St. Maurice Church is one the most precious buildings of the late Gothic style in Moravia. The three-naved structure has a cross vaulting dating from the middle of the 14th century. A more advanced net vault may be seen in the presbytery.
Two asymmetric prismatic towers were built on the western facade. In the western part of the church there is a unique double spiral staircase.
The real gem is the late Gothic sculpture of the 15th century, Christ on the Mount of Olives, located in the interior.
On the northern wall of the church, there is the Renaissance burial chapel of the Edelmann family. After a fire in 1709, the interior was redecorated in the Baroque style; Loretta Chapel and All Souls Chapel were added. Painters Jan Kryštof Handke, Karel Josef Haringer and Karel Moravec and sculptors Filip Sattler, Jan Sturmer and Jiří Antonín Heinz took part in the Baroque adaptations of the interior.
Maurice‘s organ, the largest organ in Central Europe and the eighth largest in Europe, were made by Master Michael Engler in 1745. It was decorated by the sculptor Philip Sattler and the wood-carver Jan Jiří Huckh. The original Baroque instrument with three keyboards underwent a renovation in the sixties of the 20th century.At that time a modern instrument was added, with 5 keyboards. Now the organ has 135 registers and 10,400 pipes.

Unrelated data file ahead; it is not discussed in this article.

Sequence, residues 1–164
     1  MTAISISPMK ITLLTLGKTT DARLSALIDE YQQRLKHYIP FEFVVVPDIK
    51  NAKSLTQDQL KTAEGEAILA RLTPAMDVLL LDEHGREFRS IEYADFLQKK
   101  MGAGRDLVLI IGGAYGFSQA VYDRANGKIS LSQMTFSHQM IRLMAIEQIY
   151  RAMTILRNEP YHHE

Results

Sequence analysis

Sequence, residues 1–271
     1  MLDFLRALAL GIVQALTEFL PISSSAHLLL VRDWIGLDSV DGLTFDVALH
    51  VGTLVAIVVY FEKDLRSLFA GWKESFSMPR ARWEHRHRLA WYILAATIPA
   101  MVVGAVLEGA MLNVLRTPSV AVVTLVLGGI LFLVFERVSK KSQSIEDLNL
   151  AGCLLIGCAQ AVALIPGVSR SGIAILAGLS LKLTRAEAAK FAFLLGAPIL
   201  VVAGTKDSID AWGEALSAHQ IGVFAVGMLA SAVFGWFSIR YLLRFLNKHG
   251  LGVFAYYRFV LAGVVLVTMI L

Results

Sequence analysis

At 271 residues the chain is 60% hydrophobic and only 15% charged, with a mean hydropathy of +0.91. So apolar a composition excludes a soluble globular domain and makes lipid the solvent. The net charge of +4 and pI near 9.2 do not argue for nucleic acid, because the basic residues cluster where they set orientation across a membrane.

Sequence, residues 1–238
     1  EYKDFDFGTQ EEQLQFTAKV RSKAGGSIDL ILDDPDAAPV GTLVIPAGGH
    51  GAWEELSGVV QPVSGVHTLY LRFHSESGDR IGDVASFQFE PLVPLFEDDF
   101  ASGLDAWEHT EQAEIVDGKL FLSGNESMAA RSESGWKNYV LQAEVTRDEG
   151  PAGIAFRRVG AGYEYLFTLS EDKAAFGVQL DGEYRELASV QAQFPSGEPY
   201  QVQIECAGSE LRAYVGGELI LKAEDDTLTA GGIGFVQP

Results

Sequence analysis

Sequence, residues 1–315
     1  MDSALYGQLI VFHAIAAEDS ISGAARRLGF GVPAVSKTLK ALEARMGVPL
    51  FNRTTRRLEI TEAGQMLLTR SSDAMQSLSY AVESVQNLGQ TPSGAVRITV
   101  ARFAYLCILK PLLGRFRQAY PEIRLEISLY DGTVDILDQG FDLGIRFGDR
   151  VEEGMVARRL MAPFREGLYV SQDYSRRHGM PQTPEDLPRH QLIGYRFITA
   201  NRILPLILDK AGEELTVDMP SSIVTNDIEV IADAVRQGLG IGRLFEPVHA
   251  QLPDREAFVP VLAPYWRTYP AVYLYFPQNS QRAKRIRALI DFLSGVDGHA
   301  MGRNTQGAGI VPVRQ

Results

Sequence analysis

In the mid 19th century, the church was equipped with new historicist furniture and underwent re-gothization in the years 1869-1908. The main altar is decorated with a Neo-Gothic retable from the mid 19th century.References:
Built around AD 90 to entertain the legionaries stationed at the fort of Caerleon (Isca), the impressive amphitheatre was the Roman equivalent of today’s multiplex cinema. Wooden benches provided seating for up to 6,000 spectators, who would gather to watch bloodthirsty displays featuring gladiatorial combat and exotic wild animals.
Long after the Romans left, the amphitheatre took on a new life in Arthurian legend. Geoffrey of Monmouth, the somewhat imaginative 12th-century scholar, wrote in his History of the Kings of Britain that Arthur was crowned in Caerleon and that the ruined amphitheatre was actually the remains of King Arthur’s Round Table.
Today it is the most complete Roman amphitheatre in Britain.